Document 28: Florence L. C. Kitchelt to Alice Paul, 16 October 1945, in National Woman's Party Papers, 1913-1974 (Glen Rock, N. J.: Microfilming Corporation of America, 1977-1978), Reel 88.


   Kitchelt wrote Paul about the central issue of her Herald Tribune article (See Document 22)--whether or not the Equal Rights Amendment removes or "does not remove from law--or ethics--the function of protection."


Oct. 16, 1945

Dear Miss Paul;

   Thank you very much for your letter on the 11th, with memorandum of leaflets you are sending us. I can use them very well.

   Yes, Ella Sherwin wrote me that the opposition had quoted—-Sept. 28th—-from that Herald Tribune article[A]. We all know the opposition is prejudiced and muddle-headed. I am curious to know who quoted and in what way. Is it possible to buy a copy of the minutes of that hearing? I should like it very much.

   What the lawyers say in my article is that the Equal Rights Amendment does not remove from law-—or ethics-—the function of protection. The opposition says it does remove protection. The lawyers say the Amendment only removes laws that no longer protect, that are harmful, even if at one time they were not so.

   If the opposition quoted my article, as you say, they were denying their own contention, that we lose function of protection from the law, if we have the Amendment.

Oct. 19, 1945

   The printed material has come and I am very glad to have it. The statements from clergymen are perhaps the beginning of a church campaign? I remember the churches helped us greatly in the suffrage campaign. I have just telephoned a man in the Yale Divinity School to whom I am sending my one and only copies---Boyd, Cloward, Tippy. If you will send me more of these, I shall be glad to use them for personal conferences with clergymen, asking them for similar statements.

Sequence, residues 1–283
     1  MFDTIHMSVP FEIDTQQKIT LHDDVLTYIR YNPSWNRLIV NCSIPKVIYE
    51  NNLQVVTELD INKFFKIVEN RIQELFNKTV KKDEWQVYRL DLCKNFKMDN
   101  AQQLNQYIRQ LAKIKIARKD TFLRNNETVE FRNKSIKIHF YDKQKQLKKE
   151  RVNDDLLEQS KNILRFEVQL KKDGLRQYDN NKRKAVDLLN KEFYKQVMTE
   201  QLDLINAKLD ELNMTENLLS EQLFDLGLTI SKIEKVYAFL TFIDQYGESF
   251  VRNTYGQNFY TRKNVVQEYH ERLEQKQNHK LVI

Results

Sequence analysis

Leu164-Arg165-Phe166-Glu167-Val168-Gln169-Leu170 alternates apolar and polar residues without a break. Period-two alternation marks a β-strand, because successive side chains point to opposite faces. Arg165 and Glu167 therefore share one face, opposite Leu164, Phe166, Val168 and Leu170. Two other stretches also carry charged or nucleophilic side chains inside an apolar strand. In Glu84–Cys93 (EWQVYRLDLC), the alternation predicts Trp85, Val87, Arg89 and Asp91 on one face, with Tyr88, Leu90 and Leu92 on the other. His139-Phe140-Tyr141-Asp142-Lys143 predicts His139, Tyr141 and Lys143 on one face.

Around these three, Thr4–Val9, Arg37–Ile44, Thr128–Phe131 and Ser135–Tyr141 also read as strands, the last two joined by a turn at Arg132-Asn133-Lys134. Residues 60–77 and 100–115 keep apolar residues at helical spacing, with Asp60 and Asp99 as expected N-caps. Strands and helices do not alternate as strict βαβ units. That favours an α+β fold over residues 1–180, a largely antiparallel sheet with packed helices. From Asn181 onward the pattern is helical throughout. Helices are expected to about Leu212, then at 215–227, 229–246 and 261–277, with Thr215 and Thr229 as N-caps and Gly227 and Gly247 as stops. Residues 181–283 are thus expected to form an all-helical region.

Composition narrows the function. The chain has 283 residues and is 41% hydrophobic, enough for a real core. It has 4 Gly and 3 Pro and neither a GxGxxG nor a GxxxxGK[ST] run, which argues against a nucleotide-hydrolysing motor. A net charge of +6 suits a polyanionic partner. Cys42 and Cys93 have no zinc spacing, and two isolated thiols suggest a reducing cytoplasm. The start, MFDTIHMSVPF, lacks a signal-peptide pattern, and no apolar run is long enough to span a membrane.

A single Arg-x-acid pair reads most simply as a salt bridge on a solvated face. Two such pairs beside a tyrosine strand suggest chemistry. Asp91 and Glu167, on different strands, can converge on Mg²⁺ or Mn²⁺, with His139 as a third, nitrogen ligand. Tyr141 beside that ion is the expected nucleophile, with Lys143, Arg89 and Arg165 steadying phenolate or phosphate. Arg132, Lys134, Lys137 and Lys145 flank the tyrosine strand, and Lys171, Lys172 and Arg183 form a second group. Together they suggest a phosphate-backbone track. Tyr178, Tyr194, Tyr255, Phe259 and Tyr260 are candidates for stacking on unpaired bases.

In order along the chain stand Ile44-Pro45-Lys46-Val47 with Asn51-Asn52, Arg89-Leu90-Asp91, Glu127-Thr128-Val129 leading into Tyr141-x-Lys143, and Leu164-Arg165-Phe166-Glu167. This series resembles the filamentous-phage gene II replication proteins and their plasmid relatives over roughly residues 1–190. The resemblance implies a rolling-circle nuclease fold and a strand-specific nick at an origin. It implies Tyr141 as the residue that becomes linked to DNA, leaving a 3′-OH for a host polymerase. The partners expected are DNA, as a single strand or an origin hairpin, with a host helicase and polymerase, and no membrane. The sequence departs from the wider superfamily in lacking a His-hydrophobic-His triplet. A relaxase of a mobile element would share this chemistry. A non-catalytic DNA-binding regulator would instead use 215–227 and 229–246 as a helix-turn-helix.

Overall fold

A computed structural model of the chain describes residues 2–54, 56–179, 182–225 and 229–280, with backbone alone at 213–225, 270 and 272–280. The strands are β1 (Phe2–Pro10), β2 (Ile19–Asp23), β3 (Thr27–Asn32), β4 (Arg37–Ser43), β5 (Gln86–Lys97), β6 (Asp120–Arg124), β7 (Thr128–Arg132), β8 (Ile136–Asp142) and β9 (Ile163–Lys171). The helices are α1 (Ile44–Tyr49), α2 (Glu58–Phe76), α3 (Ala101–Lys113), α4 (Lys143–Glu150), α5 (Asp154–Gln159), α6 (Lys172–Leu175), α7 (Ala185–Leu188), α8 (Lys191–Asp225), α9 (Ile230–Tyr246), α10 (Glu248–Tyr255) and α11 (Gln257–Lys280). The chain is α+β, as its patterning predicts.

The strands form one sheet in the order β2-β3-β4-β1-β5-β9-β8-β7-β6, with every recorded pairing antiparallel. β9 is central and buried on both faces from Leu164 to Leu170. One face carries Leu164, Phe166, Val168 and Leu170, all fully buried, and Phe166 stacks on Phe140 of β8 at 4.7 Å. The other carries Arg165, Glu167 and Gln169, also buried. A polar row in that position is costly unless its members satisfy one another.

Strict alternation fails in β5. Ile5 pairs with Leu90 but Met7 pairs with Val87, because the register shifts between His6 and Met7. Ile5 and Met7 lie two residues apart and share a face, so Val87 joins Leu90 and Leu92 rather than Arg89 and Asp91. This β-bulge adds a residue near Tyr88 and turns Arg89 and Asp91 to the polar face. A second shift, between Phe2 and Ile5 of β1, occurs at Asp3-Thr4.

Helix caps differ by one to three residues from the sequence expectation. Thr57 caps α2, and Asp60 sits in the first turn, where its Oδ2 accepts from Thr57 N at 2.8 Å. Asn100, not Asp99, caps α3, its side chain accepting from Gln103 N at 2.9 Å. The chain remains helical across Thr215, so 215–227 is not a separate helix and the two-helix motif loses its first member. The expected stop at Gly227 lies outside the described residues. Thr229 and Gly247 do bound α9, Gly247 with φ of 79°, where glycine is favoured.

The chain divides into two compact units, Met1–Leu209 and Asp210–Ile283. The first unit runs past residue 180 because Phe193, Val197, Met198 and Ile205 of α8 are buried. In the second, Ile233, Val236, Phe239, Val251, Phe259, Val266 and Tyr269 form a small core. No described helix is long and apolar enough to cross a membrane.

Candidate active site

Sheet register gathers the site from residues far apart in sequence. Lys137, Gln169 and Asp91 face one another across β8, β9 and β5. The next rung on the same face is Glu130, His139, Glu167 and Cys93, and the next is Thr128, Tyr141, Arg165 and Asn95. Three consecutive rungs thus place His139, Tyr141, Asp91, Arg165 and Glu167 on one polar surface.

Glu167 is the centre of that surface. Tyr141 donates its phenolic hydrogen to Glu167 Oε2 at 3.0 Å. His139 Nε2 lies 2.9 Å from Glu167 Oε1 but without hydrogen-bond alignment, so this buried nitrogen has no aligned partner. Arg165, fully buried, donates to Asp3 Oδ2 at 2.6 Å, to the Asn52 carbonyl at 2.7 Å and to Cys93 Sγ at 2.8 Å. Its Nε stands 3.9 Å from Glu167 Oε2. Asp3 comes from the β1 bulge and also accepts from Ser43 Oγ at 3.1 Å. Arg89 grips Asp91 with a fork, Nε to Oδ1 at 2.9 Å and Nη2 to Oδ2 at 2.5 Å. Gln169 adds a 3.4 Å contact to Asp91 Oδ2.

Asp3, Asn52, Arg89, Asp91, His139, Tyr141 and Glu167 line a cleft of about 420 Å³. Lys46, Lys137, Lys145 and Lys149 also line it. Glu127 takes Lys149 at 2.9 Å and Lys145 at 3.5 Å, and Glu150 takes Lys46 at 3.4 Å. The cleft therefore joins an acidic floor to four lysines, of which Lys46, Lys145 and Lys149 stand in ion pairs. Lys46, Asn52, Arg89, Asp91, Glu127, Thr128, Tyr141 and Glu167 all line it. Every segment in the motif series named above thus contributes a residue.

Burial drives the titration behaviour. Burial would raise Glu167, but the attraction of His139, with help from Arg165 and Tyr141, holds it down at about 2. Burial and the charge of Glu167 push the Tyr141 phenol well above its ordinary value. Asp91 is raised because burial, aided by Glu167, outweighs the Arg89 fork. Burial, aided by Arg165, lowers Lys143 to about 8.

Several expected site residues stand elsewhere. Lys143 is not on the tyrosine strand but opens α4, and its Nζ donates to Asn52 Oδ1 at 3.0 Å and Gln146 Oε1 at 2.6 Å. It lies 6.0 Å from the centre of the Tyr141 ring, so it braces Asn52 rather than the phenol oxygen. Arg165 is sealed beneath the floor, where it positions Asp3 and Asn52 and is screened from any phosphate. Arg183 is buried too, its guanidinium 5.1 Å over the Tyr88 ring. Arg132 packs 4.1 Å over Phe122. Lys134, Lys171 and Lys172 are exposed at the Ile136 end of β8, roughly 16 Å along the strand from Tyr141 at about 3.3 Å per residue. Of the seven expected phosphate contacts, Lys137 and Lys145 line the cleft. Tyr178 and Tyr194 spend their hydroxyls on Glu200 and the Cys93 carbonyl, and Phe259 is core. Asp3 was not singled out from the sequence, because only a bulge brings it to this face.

When the equal rights discussion started in the Rochester Democrat and Chronicle, I sent a copy of the first letter, by Wm. J. Kirby asking questions, to Jeannette Marks, urging her to answer. No reply; I supposed she is much handicapped by Miss Woolley's illness. Many people feel that the reworded Amendment-—since May 1943-—is more definite, less open to misunderstanding. The familiar phraseology of the old suffrage amendment is reassuring[B].

   I'm very sorry you question my spirit of cooperation-—because I want to cooperate. Does the question come because I accept the point of view of various congressmen and legal authorities who nevertheless are staunch supporters of the Amendment? Or because I organize an all-inclusive committee in order to reach hundreds of women?

Very sincerely,
[signed] Florence L.C. Kitchelt


A. Ella Sherwin was president of the Industrial Women's League for Equality (IWLE), which was formed with the assistance of the NWP in 1944 to mobilize working-class support for the ERA and counter the strong opposition to the amendment among labor feminists. (See Document 19) For the text of Kitchelt's Herald Tribune article that had appeared 1 July 1945, see Document 22.
Back to Text

B. Kitchelt is writing here in support of Paul's recent rewording of the ERA. The original language of the ERA as proposed by the National Woman's Party in 1923 read: "Men and women shall have equal rights throughout the United States and every place subject to its jurisdiction." Recently, Alice Paul had offered a new version that stated: "Equality of rights under the law shall not be denied or abridged by the United States, or by any State, on account of sex." These words paralleled the text of the women's suffrage amendment, ratified in 1920, which affirmed: "The right of citizens of the United States to vote shall not be denied or abridged by the United States or by any State on account of sex."
Back to Text

back to top